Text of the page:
Jon Lewis confident Jack Leach can bowl England to victory against India
Jack Leach has been tipped as England’s potential match-winner on the final day of the first Test against India, after proving he has not been scarred by a barrage of sixes off the bat of Rishabh Pant.
Jack Leach bounces back
England have been ahead of the game for the vast majority of the series opener in Chennai and head into the fifth morning needing nine wickets to claim victory, with a huge lead of 380 to play with.
The only stage where India have really threatened to flip the momentum came when Pant went on the counter-attack in India’s first innings and smashed Leach for five sixes on his way to 91 – including four in the space of just seven deliveries.
It was the kind of assault that can leave its mark on a bowler but Leach was unfazed when he returned to the attack with figures of nought for 100 on Monday, dismissing Ravichandran Ashwin and Shahbaz Nadeem to help wrap up the tail.
He was then trusted with the new ball as the hosts padded up for the second time and took out Rohit Sharma’s off stump with a handy dose of turn past the outside edge. That left the scoreboard at 39 for one chasing a world record 420.
“I was so pleased Leachy got that wicket tonight, I thought he really deserved that,” said bowling coach Jon Lewis.
“Every day as a cricketer you go out wanting five wickets or a hundred, but that doesn’t often happen.
“You are going to have more bad days than good days as a cricketer and you are going to have to deal with those. Jack showed his character with the way he came back after Pant got after him yesterday.
“He’s bowled an absolutely beauty to get out Rohit – who is obviously a class, class player – and looks a real threat on this pitch. He could walk away with four or five wickets tomorrow and we could win a Test match – I’m pretty sure people won’t be talking about Rishabh Pant’s first-innings runs if he does that.”
All part of the plan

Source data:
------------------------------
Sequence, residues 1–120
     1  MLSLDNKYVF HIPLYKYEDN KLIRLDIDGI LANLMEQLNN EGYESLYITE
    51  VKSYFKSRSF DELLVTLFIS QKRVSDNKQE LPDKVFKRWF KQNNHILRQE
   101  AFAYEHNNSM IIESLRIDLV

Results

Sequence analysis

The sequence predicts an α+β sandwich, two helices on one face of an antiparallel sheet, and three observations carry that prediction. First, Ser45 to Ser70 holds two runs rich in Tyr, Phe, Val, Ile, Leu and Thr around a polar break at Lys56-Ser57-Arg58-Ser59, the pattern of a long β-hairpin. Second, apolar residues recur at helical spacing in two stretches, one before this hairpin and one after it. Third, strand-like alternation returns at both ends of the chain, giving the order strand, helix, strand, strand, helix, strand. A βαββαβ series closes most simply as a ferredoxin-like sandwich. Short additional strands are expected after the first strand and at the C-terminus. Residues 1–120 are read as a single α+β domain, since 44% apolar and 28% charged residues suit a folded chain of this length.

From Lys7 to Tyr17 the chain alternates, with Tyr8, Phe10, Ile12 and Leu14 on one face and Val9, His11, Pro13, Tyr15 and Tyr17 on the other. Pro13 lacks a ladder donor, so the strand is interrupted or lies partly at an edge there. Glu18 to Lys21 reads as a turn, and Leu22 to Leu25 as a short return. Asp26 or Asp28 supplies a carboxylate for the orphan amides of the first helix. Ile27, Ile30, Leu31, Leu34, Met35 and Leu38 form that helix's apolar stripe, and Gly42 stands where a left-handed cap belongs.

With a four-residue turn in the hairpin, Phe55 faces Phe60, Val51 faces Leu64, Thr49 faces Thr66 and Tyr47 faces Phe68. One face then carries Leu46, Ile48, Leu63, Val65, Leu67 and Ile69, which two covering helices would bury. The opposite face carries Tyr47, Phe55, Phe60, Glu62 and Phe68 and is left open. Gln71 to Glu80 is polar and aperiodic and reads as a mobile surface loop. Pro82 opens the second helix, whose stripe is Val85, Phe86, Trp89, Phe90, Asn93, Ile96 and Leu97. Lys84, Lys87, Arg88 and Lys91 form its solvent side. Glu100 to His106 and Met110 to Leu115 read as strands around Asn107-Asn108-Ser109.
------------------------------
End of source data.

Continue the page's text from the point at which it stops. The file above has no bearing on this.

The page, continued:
Lewis also revealed that Leach had been following team orders when he was taken down by the Indian wicketkeeper, with a hint that they may invite Pant to try his luck in the same way again.
With the volume of runs in the bank, England could afford a few more maximums in pursuit of the key scalp.
“Jack was asked to do a really specific job for the team and I thought Pant’s options were really high risk. Obviously he got more runs than he would have wanted him to, but the percentages were still very much in his favour,” said Lewis.
While England’s decision not to enforce the follow-on was widely expected, their refusal to declare even as their lead stretched past 400 was the cause of fierce external debate.
Even Sir Alastair Cook, remembered as a largely conservative skipper, had predicted on television that Joe Root would give his bowlers more than the 103 overs they were eventually left with after being bowled out for 178.
Conservative approach makes sense
In the dressing room, the decision to bat on and effectively take an India victory out of the equation made perfect sense.
“It’s obviously first game of the series and whilst you want to get off to a really strong start, you don’t really want to give India a chance to win,” said Lewis.
“They have some fine players and you also want to have attacking fields all day, especially for our spin bowlers. So to get as many runs, to keep the rate high for them, feels like our best chance to win the game.
“We were very comfortable with the amount of overs we wanted to bowl and it obviously gives us a bit of a bite with the second new ball, if required.”
India paceman Ishant Sharma is confident his side’s “fearless” batting line-up can pull off an unlikely win.
He told Channel 4: “It all depends how we start tomorrow. If we get a good start then I’m sure we can chase this down because we have a batting line-up who are very fearless.
“We are very positive about this, so it’s about the start.”
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